At issue here seems to be process of composing a formal piece of writing using assembled notes in order to support the following thesis statement:
A new idea within the [National School Lunch] program, now gaining in popularity across the nation and in our state, is Farm to School.
For this exercise (as in any formal written piece of work), the writer needs to acquaint the reader with that which he or she is discussing. The other major editorial convention—in addition to the inclusion of a thesis statement at the essay's beginning—is that each paragraph should feature a self-contained idea and contain a topic with supporting sentences. Something like the following would work:
The National School Lunch Program (NSLP) provides nutritionally balanced meals at little or no cost to children at both public and nonprofit schools and daycare facilities. The program was established under President Truman in 1946 and is adapting to serve the needs of a growing population living on a planet with greater agricultural needs as well as increased production capabilities. The enactment of a new Farm to School program, which encourages this food to be locally sourced and produced, highlights the adaptability of Truman's original program.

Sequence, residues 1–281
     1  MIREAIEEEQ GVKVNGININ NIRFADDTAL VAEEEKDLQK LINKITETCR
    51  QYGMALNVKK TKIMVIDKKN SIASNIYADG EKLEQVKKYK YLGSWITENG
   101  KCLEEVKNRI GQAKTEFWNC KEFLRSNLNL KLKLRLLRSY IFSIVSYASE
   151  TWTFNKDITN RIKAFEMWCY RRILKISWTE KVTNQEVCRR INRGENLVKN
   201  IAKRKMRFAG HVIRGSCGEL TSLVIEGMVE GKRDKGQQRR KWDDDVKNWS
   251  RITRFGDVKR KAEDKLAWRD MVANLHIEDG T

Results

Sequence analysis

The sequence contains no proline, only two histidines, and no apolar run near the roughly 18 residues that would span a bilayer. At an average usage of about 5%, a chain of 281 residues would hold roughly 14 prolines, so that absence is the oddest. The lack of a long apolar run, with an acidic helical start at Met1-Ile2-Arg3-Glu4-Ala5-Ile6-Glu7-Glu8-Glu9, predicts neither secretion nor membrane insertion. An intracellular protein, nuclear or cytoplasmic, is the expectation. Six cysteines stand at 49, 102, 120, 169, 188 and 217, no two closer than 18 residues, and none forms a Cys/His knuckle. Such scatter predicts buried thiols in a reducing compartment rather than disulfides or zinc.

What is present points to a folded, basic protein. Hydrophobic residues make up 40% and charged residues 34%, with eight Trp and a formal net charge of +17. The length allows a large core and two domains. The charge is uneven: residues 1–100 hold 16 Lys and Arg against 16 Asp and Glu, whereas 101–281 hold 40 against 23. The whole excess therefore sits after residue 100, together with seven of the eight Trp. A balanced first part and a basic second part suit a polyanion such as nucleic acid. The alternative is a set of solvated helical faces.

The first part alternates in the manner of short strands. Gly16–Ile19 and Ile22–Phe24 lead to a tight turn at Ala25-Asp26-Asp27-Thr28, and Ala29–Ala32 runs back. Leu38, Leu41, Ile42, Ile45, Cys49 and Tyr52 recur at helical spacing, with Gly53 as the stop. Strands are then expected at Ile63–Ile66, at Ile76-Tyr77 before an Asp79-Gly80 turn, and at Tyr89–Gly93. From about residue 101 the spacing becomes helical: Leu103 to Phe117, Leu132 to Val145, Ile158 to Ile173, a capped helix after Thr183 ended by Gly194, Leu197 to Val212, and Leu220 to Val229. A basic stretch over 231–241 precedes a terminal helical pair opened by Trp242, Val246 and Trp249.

The Farm to School program (est. 2012) is sponsored by the Office of Community Food Systems (OCFS, itself part of the Food and Nutrition Service), and has incorporated sustainable foods into the NSLP by networking with tribal communities to access local and traditional foods. The system works by means of a federal grant system that trains food service staff to prepare healthy meals and increases the nutritional quality of the meals. The program also sources the food locally. These grants were awarded largely to schools with a high poverty rate and those in rural areas.
According to a Farm to School Census study released in 2014, schools nationwide served $385,000 worth of food as part of the program. This progress represents the work of some 40,300 schools, which serve 23.5 million children. In addition to supplying food for and transforming the NSLP, the OCFS has also contributed to similarly progressive reforms in the Child and Adult Care Food Program and the Summer Food Service Program.